Pure Storage has reported growing quarterly earnings that shrugged off the initial impact of the COVID-19 pandemic, but it thinks next quarter will be flat.
Revenues in the all-flash array vendor’s first fiscal 2021 quarter ended March 31 were up 12 per cent at $367.1m, and the the company made a loss of -$90.6m, compared with -$100.3m last year. Pure said customers needed more mission-critical IT due to the pandemic and this had benefitted the business.
CEO and chairman Charlie Giancarlo provided a quote: “We are extremely proud of this quarter’s solid results and growth, especially during the current global crisis.”
He added: “I contracted covid-19 in March and that experience has provided me with a deep personal appreciation for this virus and its impact.”
- Subscription Services revenue $120.2 million, up 37% year-over-year
- GAAP gross margin 70%; non-GAAP gross margin 71.9%
- Operating cash flow was $35.1m, up $28.5myear-over-year
- Free cash flow was $11.3m, up $29million year-over-year
- Total cash and investments of $1.27bn
- Total headcount c3,500 compared to 3,400 at the end of fy2020 and 3,150 at the end of Q1 a year ago.
Product revenues were $246.9m, up 3 per cent, and subscription revenues climbed 37 per cent to $120.2m. Pure said US enterprise and government business held up well but noted some weakness in its general commercial sector. Pure said it experienced zero impact on its supply chain from the pandemic and was able to work round issues that came up.
The company said the FlashArray//C array, launched in September last year with QLC (4bits/cell) NAND, is its fastest-growing product.
The FlashBlade line accounted for 15 per cent of total revenues ($55.1m), with nearly 10 customers spending more than a million bucks on the product since launch. Giancarlo said: “We’re very excited about the product going forward and expect continued growth.” This implies that all three main products are doing well.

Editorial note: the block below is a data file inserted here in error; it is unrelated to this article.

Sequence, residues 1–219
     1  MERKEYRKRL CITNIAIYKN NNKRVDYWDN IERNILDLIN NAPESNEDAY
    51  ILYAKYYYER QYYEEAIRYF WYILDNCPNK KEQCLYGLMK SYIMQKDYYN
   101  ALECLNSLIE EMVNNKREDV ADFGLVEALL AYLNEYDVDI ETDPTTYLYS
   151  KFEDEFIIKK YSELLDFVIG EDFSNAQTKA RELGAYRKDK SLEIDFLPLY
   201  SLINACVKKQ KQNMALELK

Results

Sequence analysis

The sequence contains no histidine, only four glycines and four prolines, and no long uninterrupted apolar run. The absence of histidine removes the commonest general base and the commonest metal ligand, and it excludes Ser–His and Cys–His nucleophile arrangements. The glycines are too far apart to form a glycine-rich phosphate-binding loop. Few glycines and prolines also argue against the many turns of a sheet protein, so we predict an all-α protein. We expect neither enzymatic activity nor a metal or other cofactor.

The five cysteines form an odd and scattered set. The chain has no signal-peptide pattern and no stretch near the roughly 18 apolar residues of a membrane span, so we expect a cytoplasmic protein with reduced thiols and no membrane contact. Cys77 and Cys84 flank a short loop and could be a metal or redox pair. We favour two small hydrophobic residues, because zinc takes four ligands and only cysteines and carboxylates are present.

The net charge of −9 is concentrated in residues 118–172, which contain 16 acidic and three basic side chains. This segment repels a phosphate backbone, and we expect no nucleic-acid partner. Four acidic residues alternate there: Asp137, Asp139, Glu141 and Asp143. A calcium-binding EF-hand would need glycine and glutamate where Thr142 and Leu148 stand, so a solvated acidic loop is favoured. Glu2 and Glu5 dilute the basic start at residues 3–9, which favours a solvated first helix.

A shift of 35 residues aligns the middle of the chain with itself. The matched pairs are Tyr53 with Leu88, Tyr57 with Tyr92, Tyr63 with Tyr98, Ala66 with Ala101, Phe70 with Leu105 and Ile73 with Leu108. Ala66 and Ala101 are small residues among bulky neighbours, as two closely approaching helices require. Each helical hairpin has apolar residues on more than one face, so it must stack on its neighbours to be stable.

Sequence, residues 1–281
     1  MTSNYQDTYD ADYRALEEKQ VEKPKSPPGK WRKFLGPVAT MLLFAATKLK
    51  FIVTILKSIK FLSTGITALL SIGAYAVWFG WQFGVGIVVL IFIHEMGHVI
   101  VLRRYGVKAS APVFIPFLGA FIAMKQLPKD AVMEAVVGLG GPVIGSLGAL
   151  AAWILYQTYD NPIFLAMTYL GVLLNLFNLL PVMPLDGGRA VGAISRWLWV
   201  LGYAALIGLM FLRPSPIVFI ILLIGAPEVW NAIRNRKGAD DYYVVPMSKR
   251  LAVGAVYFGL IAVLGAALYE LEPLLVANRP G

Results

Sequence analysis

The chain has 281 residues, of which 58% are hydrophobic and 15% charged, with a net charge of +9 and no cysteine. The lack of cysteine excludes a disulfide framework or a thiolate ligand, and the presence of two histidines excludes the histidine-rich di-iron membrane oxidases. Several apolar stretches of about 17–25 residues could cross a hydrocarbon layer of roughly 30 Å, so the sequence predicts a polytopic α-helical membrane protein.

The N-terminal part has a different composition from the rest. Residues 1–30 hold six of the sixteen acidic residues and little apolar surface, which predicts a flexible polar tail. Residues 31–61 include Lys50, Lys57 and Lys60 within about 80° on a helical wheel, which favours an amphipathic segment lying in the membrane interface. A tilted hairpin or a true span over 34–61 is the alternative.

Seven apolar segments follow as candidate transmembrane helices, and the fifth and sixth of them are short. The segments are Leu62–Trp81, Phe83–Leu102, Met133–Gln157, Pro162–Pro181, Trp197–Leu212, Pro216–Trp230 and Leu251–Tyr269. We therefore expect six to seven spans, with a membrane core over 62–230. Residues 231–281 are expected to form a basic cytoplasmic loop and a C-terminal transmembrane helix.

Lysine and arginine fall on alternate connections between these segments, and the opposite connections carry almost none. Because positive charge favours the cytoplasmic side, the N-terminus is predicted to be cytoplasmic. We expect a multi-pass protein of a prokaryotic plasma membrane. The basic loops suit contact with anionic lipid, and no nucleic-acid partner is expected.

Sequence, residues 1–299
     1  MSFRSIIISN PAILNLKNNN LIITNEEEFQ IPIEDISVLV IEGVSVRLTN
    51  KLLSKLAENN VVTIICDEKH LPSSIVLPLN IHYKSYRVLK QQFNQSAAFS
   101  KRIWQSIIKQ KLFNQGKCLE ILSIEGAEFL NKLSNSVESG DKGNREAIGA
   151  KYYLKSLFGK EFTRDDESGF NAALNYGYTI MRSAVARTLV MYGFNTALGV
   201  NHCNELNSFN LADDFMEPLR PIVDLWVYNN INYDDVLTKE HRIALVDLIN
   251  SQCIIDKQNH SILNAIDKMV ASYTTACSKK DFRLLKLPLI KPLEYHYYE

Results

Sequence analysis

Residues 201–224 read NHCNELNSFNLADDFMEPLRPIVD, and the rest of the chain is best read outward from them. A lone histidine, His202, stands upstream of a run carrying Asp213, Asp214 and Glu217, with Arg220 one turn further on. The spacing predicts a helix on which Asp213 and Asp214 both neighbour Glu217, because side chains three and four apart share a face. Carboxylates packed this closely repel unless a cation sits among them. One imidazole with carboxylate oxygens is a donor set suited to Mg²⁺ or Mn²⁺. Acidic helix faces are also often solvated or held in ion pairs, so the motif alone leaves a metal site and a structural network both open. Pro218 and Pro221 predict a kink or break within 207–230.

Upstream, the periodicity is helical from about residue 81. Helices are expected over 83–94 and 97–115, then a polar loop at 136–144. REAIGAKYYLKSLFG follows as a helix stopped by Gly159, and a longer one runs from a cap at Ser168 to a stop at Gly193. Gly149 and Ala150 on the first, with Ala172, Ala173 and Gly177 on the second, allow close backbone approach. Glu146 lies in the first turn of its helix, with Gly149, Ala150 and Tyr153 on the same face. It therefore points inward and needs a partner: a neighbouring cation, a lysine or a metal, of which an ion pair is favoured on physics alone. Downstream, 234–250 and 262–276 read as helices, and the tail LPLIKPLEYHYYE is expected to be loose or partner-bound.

Pure sees increasing demand for public cloud-based IT and claims its Pure-as-a-Service enables customers to move from an on-premises Pure environment to a public cloud with no difficulty. Giancarlo said: “It’s the same exact software and same interface to the application environment, in the cloud, as it is on-prem and that makes their ability to migrate their applications even easier.”
Pure announced that cloud-based workflow automation business ServiceNow has become a customer, using Pure for applications including Splunk, Elastic’s ELK stack, artificial intelligence (AI), and machine learning (ML). It is using Pure’s FlashArray//X and //C and FlashBlade arrays with Pure1 management.
The company said it had not laid off or furloughed any employees and did not intend to do so.
Pure added 300 customers in the quarter. Not that high a number – it was 500 the previous quarter – but not that low either. The company attributed this in part to the weakness in its commercial market and also to Pure’s push for more enterprise-class customers. In the earnings call, Giancarlo said: “The lower numbers are a mix of those two things.”
He said: “There is a general risk aversion out there in the market, whether it’s new products, new features, new vendors and that’s going to be with us for a quarter or two until I think the customers have started being able to feel comfortable in putting time into testing.“
On that account Pure is not issuing any formal earnings guidance for the next quarter but suggests that revenues may be flat.
Pure’s main competitor is Dell, which this month launched its PowerStore midrange array, unifying the prior SC, Unity, VNX and XtremIO product lines.
Giancarlo commented: “Our view very simply is it opens up opportunity to replace four products. Whenever there’s a disruptive upgrade and God loves them … it opens up the opportunity to all vendors, all new vendors, because the customer is going to go through that trouble. It’s basically a brand new product. And in this case, it’s a brand new 1.0 product.”
He thinks: “This is a terrible time to come out with a new 1.0 product. Customers are risk adverse. So we really see this as a great opportunity for us.”
NetApp, another competitor, this week reported its results for the first quarter of 2020. All-flash array revenues were $656m, so Pure has some way to go to reach that level with its equivalent $367m all-flash product, service and support sales.
Giancarlo’s view of Pure’s prospects? “We will continue to take market share.”